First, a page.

Just by how much they may share with each other, also how little they really share with each other culturally. How has, one, having parents from distinct countries and being brought up in a predominantly Mexican Latino community, and then obviously expanding that as you aged, and then now engaging in Latin America through Indigenous communities, how has all of that shifted or shaped how you identify?
That’s a big question.
That is a big question. It’s crazy because the more I learn, the more I question how to put a title to how I identify because the more I learn, of Latin America; that’s adopting the fact that Spanish is the most predominant language and it derives from Latin, which comes from Europe, and that’s not exactly who we are because we have Indigenous roots here that have been here for years prior, before we were colonized, and so is Latin America the right way we want to call ourselves? I’m not sure. I’ve used the term Abiayala, which is also referred to all the Americas in the Western Hemisphere, and that was a name given and used by Indigenous groups who have been here since…forever? I can’t put a date on it. As we keep learning…Latinx is the perfect example. We weren’t being inclusive with Latino and Latina, so then we changed to the “@” so they’re both there, but that doesn’t include non-binary, so Latinx. My identity is still changing, so, hi, I’m Nathalie. It might be my go-to. Right now it’s still Latina. Again, not to say that that won’t change, but it’s the best option I’ve got right now to embrace those two sides of me of Colombia and El Salvador. It’s very fascinating to be in those spaces. Every time I go to El Salvador, I’m the tallest one in my family. It’s impossible to not see me in photos. It’s just, well, there she is. It’s very different to be in that space compared to the spaces of my family from Colombia, and it’s just a more humble upbringing. Again, the bathroom there, we have one bathroom that has a plumbing system; the other is literally a hole in the ground in the back. For the shower, we use a hose. They’re always in awe of the fact that I don’t mind drinking water from the faucet. I don’t get sick. Apparently others who come there have gotten sick from doing that. I’ve taken a shower with the hose. They tried to get me to use the other bathroom, but I use the other one. “It’s fine. Please don’t cater to me. I’m here to embrace. This is my family. I love you. There’s nothing wrong with the way you live.” They say, “Es todo terreno”. It means she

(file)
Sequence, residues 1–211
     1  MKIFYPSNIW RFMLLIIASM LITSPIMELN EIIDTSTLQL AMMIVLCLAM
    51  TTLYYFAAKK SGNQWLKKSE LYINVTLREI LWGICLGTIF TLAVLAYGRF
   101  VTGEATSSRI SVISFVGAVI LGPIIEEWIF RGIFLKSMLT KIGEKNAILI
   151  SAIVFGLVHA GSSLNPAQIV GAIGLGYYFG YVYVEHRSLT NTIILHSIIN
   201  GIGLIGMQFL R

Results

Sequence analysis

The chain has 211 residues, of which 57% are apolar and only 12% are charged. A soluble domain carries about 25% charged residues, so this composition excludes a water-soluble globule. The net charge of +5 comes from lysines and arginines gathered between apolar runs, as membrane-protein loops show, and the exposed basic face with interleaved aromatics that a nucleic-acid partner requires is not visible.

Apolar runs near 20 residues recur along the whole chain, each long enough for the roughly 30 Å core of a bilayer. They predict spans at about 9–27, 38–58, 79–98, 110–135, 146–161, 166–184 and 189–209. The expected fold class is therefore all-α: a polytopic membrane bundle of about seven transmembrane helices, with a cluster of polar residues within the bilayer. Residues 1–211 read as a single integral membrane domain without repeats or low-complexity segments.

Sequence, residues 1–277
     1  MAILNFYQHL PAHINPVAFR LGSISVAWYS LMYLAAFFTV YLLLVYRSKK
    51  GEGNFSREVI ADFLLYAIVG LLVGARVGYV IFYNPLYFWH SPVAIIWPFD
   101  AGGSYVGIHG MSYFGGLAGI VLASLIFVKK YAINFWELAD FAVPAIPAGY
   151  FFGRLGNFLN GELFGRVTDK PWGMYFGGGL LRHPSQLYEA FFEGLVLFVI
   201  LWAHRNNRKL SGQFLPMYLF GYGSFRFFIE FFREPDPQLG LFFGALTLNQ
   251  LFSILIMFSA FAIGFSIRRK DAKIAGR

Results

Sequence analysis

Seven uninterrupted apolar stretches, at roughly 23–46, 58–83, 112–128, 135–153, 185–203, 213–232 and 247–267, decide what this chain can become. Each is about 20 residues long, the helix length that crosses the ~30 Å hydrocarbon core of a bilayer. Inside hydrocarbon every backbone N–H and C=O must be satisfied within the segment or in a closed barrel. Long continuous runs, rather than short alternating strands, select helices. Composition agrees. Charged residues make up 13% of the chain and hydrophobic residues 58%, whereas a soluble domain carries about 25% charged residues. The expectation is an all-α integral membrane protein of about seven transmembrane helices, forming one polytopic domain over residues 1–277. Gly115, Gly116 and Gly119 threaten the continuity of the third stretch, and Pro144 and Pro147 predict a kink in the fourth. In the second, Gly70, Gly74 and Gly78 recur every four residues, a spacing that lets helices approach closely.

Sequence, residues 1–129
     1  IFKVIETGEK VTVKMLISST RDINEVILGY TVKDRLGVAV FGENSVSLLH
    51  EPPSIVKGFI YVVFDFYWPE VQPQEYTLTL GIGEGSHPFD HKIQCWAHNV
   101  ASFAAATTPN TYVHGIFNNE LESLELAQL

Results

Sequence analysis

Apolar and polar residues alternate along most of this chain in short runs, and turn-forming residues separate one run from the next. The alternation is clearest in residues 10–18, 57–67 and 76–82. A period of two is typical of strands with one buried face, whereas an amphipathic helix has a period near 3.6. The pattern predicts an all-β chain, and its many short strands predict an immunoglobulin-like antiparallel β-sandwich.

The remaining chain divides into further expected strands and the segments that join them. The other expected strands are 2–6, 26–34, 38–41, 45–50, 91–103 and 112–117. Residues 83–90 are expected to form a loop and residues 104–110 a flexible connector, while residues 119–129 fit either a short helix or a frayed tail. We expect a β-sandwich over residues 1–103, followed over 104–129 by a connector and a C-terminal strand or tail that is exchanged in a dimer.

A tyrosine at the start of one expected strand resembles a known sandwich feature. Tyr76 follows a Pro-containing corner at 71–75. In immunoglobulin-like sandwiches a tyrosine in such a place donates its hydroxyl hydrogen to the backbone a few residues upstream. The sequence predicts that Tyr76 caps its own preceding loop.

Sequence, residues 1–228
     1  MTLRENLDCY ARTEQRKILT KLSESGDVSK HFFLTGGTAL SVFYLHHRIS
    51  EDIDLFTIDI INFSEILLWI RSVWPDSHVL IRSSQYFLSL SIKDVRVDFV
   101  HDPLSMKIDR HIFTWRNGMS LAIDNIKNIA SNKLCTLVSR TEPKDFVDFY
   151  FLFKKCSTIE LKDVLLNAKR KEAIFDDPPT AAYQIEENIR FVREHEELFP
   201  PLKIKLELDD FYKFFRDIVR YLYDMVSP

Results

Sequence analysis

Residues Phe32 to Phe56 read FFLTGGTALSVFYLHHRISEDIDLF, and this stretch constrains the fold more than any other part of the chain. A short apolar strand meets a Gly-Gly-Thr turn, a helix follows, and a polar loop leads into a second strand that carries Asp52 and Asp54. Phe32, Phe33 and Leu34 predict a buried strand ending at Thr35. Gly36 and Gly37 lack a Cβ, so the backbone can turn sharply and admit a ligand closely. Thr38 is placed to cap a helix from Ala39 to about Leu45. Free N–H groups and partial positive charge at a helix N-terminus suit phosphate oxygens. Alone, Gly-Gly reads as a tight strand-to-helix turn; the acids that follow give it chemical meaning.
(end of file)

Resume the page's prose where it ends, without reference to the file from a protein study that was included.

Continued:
can handle anything; she can do anything. I’m like, okay, I can’t do everything; don’t get me wrong. The mosquitos don’t bite me there. It’s very, very weird.